Each directory will contain an INFO.txt file describing the experimental protocol used in that experiment. It will also record any deviations from the protocol and other useful contextual information.

Microscope images capture and store a range of metadata (field size, magnification, lens phase, zoom, gain, pinhole diameter etc.) with each image.

This should allow the data to be understood by other members of our research group and add contextual value to the dataset should it be reused in the future.

1.3 What documentation and metadata will you provide with the data?

Questions you might want to consider:
- What information is required for users (computer or human) to read and interpret the data in the future?

- How will you generte this documentation?

- What community standards (if any) will be used to annotate the (meta)data?

Example of answer

Metadata will be tagged in XML using the Data Documentation Initiative (DDI) format. The codebook will contain information on study design, sampling methodology, fieldwork, variable-level detail, and all information necessary for a secondary analyst to use the data accurately and effectively.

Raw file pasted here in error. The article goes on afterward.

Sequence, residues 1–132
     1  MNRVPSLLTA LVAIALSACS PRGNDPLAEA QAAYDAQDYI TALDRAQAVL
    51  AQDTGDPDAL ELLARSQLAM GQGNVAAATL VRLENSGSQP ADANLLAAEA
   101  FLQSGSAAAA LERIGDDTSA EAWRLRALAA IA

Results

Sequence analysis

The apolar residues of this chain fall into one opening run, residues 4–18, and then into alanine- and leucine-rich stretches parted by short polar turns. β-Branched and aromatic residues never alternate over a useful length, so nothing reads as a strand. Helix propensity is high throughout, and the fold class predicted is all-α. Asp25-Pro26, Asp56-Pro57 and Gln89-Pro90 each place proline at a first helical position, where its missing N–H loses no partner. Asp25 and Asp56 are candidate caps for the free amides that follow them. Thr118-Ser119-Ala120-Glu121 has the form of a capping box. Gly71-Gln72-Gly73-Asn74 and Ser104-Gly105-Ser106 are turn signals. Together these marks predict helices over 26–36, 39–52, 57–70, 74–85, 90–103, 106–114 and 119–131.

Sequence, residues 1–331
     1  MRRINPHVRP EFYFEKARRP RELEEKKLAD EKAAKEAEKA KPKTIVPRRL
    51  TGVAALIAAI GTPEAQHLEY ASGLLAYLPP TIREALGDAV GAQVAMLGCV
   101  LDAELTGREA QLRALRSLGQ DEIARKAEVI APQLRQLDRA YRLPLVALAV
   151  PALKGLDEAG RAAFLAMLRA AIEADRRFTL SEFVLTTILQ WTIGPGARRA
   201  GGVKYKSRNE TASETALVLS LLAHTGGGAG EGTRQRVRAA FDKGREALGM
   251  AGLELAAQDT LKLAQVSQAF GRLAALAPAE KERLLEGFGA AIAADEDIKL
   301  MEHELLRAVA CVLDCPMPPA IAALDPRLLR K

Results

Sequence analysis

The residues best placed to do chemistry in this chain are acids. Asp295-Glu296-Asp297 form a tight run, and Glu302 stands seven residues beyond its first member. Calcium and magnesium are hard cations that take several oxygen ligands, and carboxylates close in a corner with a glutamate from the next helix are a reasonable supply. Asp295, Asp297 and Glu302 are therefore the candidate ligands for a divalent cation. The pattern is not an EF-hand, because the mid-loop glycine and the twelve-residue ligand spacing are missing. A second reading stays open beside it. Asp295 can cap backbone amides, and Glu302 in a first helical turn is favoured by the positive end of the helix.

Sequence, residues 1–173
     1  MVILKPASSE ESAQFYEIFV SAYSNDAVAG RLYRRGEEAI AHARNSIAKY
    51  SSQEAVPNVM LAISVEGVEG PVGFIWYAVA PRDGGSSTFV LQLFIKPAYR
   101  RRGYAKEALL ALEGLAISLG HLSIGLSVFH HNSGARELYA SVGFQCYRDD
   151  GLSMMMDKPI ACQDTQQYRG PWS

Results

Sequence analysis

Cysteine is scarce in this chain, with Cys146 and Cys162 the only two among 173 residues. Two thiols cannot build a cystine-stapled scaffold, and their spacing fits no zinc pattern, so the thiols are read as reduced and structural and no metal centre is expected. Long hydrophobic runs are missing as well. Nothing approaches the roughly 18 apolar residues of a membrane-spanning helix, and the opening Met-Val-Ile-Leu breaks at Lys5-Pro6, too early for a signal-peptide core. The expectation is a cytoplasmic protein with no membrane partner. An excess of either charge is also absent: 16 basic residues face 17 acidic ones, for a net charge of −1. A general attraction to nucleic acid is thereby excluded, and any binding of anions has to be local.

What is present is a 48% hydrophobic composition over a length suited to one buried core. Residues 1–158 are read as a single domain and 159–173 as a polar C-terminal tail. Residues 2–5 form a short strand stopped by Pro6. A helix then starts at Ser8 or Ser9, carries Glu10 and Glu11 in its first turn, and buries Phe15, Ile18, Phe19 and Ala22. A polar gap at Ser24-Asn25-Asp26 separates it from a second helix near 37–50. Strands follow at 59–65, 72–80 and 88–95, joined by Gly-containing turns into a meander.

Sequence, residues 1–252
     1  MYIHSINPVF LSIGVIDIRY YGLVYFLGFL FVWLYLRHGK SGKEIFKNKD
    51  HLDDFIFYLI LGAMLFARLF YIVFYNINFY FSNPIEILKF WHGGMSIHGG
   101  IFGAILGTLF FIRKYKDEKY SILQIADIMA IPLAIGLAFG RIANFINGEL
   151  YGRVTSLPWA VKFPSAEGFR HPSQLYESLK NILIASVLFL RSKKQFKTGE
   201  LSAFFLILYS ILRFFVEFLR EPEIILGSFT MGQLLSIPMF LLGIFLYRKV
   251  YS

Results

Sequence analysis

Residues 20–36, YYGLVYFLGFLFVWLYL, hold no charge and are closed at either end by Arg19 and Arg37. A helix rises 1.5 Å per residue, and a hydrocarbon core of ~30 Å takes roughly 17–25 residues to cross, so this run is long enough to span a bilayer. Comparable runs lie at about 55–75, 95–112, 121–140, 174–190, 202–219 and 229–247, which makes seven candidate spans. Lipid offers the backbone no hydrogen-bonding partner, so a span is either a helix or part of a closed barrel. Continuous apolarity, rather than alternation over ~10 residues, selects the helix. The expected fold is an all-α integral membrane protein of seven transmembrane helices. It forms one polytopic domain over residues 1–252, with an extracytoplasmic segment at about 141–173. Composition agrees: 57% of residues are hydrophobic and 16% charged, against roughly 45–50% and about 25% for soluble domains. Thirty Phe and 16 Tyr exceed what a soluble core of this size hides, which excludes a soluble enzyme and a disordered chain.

It will be the responsibility of each researcher to annotate their data with metadata, and it will be the responsibility of the Principal Investigator to check weekly (during the field season, monthly otherwise) with all participants to assure data is being properly processed, documented, and stored.

All the datasets produced by the project will be published under a GNU licence.

2 Ethics, legal and security issues

2.1 How will ethical issues be addressed and handled?

Questions you might want to consider:
- What is the relevant protection standard for your data? Are you bound by a confidentiality agreement?
- Do you have the necessary permission to obtain, process, preserve and share the data? Have the people whose data you are using been informed or did they give their consent?
- What methods will you use to ensure the protection of personal or other sensitive data?

Example 1 of answer:

Les données à caractère personnel seront anonymisées avant partage et diffusion selon les recommandations de la CNIL.

Example 2 of answer:

This project will generate data designed to study the prevalence and correlates of DSM III-R psychiatric disorders and patterns and correlates of service utilization for these disorders in a nationally representative sample of over 8000 respondents. The sensitive nature of these data will require that the data be released through a restricted use contract.